One-third of Indonesian children (over 7 million) under the age of five are found to suffer from stunting, which is a condition where their height is lower than the standard height for their age. This makes Indonesia to have the fifth-highest level of stunting in the world and in this region, stunting is the most common form of malnutrition that is found since birth.
Now let’s look at a real life example of what stunting in children can look like in Indonesia…
Two 32-month-old twin girls named Zahra and Zohra, living in a village called Pandes, Indonesia were born prematurely and they weighed 1.6 and 2.1 kg, respectively. They have continued to struggle to get to a healthy weight even to this day. In these girls’ case, the lack of breastfeeding contributed to their stunting and poor nutrition. When the twins were four months old, their father was hospitalized for over a month after being in a serious motorcycle accident and was unable to work for the next six months. With the burden of this situation and trying to take care of her prematurely born twins, the mother stopped breastfeeding the twin girls. Instead, she fed them with formula milk and the twins still fail to meet the weight and height expectations for their age and continue to remain underweight.
It has been shown that breastfeeding is critical in addressing all forms of malnutrition and protects children from being stunted. UNICEF recommends exclusive breastfeeding up until the age of six months and to then continue with breast-feeding supplementary food. Breast milk has sufficient nutrients for babies, so the mother essentially does not need to feed their baby anything else for the first six months. Additionally, the amount of breast-feeding in Indonesia is not nearly as high as it should be at only 54.3% nationally. Breastfeeding, however, is not the only factor associated with stunting, and is just one of the factors that we will focus on in this post.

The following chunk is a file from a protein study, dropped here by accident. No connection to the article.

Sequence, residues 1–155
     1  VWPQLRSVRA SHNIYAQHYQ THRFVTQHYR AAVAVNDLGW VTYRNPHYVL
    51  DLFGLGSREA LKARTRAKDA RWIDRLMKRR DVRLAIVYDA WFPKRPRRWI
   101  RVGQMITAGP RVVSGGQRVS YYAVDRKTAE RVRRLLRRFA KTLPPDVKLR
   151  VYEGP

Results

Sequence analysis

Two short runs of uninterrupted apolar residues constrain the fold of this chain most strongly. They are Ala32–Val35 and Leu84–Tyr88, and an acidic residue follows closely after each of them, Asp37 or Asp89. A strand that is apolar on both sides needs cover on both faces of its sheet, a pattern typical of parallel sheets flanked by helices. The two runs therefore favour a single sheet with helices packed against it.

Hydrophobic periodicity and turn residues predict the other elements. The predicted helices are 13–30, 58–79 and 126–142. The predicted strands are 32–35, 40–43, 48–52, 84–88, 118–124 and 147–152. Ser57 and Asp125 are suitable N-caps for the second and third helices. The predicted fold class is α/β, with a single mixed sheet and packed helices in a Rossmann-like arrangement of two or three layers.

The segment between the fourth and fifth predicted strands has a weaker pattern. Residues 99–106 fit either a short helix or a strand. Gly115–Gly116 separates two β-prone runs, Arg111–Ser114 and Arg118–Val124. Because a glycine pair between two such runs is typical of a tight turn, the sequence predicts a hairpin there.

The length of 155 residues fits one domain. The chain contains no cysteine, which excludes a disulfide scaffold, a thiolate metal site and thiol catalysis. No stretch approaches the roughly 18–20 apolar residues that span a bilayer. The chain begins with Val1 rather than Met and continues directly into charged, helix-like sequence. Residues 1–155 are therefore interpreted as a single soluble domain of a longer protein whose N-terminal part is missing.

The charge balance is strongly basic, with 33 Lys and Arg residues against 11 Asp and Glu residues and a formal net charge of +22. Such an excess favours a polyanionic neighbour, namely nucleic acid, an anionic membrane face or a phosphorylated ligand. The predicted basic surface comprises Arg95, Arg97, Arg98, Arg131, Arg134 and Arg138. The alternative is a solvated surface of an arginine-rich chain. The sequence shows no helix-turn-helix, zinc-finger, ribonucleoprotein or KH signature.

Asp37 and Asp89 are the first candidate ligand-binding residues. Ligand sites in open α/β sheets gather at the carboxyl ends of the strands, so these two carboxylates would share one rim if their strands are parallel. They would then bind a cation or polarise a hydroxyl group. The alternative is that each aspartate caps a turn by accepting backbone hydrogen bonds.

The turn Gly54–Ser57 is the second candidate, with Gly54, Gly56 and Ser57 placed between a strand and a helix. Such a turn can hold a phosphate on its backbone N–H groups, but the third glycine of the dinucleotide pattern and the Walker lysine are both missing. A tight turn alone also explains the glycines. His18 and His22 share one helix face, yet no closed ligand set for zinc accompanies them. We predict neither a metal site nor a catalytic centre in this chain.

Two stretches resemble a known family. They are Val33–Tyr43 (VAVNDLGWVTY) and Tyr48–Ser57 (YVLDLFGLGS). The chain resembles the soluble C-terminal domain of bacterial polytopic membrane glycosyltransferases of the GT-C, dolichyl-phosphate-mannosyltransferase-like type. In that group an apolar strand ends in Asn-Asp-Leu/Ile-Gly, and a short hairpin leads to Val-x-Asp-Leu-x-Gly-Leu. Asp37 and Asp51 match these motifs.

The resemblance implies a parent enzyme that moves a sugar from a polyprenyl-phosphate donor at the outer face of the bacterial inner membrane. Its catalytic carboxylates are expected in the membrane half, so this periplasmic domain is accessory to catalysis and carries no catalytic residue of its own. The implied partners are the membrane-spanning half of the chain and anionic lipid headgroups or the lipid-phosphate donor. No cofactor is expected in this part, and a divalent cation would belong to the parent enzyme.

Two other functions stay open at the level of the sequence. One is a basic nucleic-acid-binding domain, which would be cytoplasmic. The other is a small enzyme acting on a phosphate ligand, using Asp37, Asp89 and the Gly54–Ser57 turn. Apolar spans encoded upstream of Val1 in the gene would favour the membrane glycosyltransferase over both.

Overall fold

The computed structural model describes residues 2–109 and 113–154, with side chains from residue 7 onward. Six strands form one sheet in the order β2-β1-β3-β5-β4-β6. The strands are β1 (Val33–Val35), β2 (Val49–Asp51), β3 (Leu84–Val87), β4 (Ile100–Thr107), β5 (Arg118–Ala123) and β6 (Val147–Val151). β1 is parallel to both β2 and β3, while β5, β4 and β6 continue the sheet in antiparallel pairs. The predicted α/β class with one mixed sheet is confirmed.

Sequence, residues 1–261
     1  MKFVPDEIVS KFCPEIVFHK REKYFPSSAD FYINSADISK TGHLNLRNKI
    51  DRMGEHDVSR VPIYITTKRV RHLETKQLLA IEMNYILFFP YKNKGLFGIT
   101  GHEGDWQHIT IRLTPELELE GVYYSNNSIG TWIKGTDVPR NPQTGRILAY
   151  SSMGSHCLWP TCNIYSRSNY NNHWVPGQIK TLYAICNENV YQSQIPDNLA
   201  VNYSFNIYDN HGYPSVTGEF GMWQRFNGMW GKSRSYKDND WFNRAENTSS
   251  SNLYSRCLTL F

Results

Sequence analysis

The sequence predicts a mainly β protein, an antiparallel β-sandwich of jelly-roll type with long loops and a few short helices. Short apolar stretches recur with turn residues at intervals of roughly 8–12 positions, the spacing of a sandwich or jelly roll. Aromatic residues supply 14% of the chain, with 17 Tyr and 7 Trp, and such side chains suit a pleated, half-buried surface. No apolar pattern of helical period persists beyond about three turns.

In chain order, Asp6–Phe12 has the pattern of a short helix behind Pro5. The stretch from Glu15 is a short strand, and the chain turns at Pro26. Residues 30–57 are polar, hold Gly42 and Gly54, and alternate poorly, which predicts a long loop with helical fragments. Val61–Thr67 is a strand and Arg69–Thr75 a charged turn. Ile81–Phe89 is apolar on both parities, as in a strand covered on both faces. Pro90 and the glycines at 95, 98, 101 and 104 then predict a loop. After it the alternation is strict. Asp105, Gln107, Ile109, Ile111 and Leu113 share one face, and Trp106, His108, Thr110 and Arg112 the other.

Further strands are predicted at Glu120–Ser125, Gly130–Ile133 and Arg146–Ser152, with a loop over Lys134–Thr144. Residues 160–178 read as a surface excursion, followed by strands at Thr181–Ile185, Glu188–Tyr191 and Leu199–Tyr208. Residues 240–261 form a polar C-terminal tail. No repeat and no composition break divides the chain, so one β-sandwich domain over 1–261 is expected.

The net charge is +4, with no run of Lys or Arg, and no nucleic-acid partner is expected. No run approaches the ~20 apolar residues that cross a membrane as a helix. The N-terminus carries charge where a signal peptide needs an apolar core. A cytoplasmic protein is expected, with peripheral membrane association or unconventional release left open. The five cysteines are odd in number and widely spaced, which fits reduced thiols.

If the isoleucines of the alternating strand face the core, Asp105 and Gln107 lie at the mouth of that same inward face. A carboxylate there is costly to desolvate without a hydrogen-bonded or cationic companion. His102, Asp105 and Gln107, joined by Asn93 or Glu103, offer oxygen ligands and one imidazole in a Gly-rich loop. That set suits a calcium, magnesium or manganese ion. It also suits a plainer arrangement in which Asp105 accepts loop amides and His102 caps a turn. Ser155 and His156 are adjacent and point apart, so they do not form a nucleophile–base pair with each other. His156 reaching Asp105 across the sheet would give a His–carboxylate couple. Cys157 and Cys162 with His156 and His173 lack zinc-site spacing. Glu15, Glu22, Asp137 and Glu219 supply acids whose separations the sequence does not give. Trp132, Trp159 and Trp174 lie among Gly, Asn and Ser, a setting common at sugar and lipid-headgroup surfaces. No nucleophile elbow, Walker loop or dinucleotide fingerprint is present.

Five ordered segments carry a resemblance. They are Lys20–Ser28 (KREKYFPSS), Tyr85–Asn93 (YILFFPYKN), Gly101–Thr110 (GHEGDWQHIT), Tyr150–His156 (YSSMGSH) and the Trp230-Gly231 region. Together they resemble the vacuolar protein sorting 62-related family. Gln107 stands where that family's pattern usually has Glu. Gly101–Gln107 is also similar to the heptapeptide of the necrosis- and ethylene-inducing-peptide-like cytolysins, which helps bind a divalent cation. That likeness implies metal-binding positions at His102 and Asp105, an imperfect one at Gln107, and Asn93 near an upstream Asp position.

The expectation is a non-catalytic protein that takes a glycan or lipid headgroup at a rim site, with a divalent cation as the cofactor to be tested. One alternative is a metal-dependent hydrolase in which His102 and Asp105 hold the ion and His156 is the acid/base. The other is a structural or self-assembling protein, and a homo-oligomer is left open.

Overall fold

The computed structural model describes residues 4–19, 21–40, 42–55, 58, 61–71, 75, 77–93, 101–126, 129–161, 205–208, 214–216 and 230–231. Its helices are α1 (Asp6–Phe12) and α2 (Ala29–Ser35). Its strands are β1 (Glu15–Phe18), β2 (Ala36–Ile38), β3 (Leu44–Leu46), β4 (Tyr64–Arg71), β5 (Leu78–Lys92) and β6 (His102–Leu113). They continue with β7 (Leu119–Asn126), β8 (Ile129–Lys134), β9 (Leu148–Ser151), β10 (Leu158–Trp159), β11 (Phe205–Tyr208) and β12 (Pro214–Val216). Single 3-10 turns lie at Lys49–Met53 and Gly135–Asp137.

Children who are stunted are also faced with various consequences later on in life. Stunted children are found to have a lower productivity rate by 20% than children who don’t suffer from stunting. Stunting during early childhood can also lead to higher risks for chronic diseases, delayed cognitive development and reduced academic achievement in the future.
Now, so stunting in children seems like a pretty big issue in Indonesia right? What is the government and the health system doing about it though? Can this burden on the country go on?
Fortunately the government of Indonesia has been piloting a multi-dimensional approach to address the stunting problem. It aims to improve awareness about feeding practices and the prevention of illness, as well as the access to necessary health care services and proper nutrition. However, as you can see, the problem is still very great, especially with the vast number of children still suffering from stunting, and there needs to be more done about the issue because it has only recently been addressed. What are some other ways that can help Indonesia combat stunting in children?
Written by Hannah Jin
Early Successes in Indonesia’s Fight Against Stunting. (n.d.). Retrieved December 05, 2016, from https://www.mcc.gov/our-impact/story/story-early-successes-in-indonesias-fight-against-stunting
McAuliffe, A. (2016, March 28). Double burden: Childhood stunting and obesity in Indonesia – UNICEF East Asia & Pacific. Retrieved December 05, 2016, from https://blogs.unicef.org/east-asia-pacific/double-crisis-the-dual-burden-of-stunting-and-obesity-in-indonesia/